The increases follow a 2019 Actuarial review, undertaken every three years, which unearthed that the NIB was facing a dismal future, possible collapse. Contribution rates were growing at a rate much slower than NIB expenses, which included beneficiary payouts.  On that trajectory, the NIB’s earnings would be eclipsed by its income by 2027, forcing the worker protection plan to draw down on money saved for economic shocks like Covid-19.

Unsurprisingly, this was deemed untenable, and an immediate increase was recommended.

Despite this scramble to boost earnings, the NIB has simultaneously increased payouts.  Payouts for pensions, funeral grants, maternity grants and more will all attract bigger sums.

These incremental increases on contributions and payouts were all consultant recommendations, informed statements from the Board.

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Bahamas News

Work of NAECOB critical in ensuring high standards in education, says Minister Hanna-Martin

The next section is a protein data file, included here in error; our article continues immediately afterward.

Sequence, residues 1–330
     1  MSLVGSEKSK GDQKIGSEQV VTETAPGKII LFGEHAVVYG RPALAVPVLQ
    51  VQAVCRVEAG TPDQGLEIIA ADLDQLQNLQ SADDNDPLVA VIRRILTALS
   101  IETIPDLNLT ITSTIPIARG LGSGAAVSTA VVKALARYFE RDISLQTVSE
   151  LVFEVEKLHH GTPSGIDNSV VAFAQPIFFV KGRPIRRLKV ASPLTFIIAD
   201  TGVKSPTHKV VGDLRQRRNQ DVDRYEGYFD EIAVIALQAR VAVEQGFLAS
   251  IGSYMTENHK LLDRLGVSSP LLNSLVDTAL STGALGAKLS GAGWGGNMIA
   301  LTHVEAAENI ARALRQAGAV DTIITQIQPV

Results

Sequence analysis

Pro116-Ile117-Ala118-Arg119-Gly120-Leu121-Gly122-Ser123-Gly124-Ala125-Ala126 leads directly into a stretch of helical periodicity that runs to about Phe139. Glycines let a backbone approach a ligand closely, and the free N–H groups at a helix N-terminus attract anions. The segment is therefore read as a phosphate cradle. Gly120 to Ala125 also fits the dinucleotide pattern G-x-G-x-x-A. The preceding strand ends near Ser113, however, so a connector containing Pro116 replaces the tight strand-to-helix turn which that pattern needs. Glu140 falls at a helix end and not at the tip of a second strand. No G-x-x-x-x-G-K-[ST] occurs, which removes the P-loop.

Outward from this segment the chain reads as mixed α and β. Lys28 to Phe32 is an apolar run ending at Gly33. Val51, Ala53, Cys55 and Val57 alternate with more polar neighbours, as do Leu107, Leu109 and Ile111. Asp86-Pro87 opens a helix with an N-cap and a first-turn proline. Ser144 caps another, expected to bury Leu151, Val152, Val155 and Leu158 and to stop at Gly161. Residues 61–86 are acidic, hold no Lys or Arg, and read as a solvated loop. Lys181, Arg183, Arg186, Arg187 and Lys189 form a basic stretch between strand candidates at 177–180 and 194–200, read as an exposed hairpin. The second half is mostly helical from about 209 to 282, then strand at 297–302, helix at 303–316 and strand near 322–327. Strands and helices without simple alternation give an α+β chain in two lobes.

By KATHRYN CAMPBELLBahamas Information Services
NASSAU, The Bahamas, March 29, 2023 – Over 100 schools in New Providence, public and private, and some 30 plus schools in Freeport have been inspected by The National Accreditation and Equivalency Council (NAECOB) to ensure high quality standards for the delivery of education.
“We will cover every island, every cay in this country to make certain that the facilities that we send our children to are adequate, conducive for learning, safe and sound for education,” said Thelma Grimes, chairperson, NAECOB.
“We are going to head to Cat Island and all the others before June.This is our announced visit. They [schools] have a chance to get things fixed that are not finished and [afterwards] we will have the unannounced.”